I like the idea of blog comments being threaded to enable replies to specific comments to be kept together, but a few times (not often) the comments do get quite numerous and it can be easy to miss someone’s latest contribution if it is nested in the middle of a long series of posts. The alternative is get rid of nesting altogether and have all comments listed in chronological sequence. I am in two minds about it, so am soliciting other views.
If interested do register an opinion in the poll I have set at the top of the left margin or here:
The first essential step in any historical inquiry
This is a heartening introduction to the essential basics of valid historical methodology that has been very fudgy in the field of historical Jesus studies. The first thing any historian needs to grapple with when undertaking any inquiry is the nature of his or her sources. While probably most biblical scholars have acknowledged that the Gospels are theological narratives that depict a “Christ of faith” rather than a “Jesus of history”, there has at the same time been an assumption that that theological layer has been created to portray what the “historical Jesus” meant to the authors and their readers. Given this assumption, it has been believed that it might be possible to uncover some facts about the historical Jesus nonetheless. Historical Jesus studies have in this way been confused with the question of Christian origins.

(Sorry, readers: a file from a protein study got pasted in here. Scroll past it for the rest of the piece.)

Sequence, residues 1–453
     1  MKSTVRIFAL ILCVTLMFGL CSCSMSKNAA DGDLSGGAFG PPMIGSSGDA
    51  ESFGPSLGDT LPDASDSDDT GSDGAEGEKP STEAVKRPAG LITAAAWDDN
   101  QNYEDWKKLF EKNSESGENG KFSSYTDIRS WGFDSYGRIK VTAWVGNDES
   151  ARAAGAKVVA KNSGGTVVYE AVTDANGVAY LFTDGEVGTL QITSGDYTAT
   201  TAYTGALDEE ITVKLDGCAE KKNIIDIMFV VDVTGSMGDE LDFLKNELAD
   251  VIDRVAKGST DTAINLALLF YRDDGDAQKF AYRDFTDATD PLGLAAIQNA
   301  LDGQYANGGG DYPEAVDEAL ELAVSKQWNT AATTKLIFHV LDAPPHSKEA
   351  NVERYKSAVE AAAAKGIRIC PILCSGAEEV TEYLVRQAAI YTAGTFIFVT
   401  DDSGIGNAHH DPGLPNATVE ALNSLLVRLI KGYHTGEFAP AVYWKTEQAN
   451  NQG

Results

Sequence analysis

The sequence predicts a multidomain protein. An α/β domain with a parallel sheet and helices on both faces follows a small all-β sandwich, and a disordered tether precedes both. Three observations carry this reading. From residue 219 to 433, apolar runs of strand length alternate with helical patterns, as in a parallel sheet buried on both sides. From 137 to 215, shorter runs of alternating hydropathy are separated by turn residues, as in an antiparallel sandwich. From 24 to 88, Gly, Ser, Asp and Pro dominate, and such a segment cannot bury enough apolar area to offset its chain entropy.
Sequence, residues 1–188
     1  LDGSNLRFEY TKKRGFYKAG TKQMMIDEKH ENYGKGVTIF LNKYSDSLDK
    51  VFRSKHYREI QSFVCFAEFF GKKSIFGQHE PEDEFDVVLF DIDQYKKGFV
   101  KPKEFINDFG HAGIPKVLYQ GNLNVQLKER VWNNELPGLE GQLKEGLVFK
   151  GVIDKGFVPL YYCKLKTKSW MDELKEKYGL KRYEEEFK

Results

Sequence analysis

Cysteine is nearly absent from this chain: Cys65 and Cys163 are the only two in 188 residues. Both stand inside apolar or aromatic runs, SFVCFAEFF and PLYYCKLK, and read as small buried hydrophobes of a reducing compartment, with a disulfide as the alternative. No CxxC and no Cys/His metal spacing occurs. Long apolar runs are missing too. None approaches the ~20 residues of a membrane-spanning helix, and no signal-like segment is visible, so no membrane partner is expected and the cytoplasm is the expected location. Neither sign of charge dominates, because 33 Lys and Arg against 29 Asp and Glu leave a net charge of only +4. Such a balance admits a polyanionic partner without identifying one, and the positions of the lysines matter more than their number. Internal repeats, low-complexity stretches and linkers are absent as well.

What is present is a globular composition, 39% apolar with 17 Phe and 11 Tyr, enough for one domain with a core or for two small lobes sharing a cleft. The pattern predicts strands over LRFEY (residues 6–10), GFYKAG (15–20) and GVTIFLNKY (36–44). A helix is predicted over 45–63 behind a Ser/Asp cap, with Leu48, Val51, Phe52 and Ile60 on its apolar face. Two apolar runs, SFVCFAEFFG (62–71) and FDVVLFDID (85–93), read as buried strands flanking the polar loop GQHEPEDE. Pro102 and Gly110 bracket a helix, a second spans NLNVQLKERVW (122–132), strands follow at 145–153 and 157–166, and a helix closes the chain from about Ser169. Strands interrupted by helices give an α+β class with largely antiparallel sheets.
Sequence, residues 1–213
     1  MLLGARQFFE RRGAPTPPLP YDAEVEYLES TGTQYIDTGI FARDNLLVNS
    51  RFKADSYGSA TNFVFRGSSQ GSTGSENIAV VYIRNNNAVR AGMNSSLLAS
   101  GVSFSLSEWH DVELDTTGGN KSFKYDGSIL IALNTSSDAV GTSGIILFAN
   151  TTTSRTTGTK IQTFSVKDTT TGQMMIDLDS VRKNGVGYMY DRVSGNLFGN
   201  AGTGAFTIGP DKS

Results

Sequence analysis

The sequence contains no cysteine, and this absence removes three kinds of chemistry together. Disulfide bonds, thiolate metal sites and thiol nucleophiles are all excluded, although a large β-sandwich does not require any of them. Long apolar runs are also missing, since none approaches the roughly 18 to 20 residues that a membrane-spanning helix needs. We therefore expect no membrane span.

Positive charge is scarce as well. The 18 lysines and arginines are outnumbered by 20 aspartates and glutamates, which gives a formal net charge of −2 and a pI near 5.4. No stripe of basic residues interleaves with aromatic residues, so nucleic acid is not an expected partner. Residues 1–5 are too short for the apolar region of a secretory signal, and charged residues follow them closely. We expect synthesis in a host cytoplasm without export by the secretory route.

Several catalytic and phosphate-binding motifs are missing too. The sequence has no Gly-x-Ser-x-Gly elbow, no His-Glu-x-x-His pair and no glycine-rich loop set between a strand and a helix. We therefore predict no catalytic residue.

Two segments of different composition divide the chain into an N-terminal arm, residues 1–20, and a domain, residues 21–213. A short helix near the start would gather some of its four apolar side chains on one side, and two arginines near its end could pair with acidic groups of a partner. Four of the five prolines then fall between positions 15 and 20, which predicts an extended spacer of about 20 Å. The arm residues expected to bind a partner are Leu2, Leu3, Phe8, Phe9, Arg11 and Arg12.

The contributions in this book are from a diverse range of scholars. The introduction explains the purpose of the volume:
The essays collected in this volume have a modest purpose. Neither establishing the historicity of an historical Jesus nor possessing an adequate warrant for dismissing it, our purpose is to clarify our engagement with critical historical and exegetical methods in the hopes of enabling the central question regarding the function of New Testament literature to resist the endless production of works on the historical Jesus. Our hope is to open a direct discussion of the question of historicity much in the spirit of the more than decade-long discourse and debate by the European Seminar on Methodology in Israel’s History, which has been so profitably engaged in regard to the historicity of figures and narratives of the Hebrew Bible and the related construction of a history of ancient Palestine.
This sounds a little like an approach I have been suggesting on this blog and elsewhere for some time, so I find such a statement personally encouraging.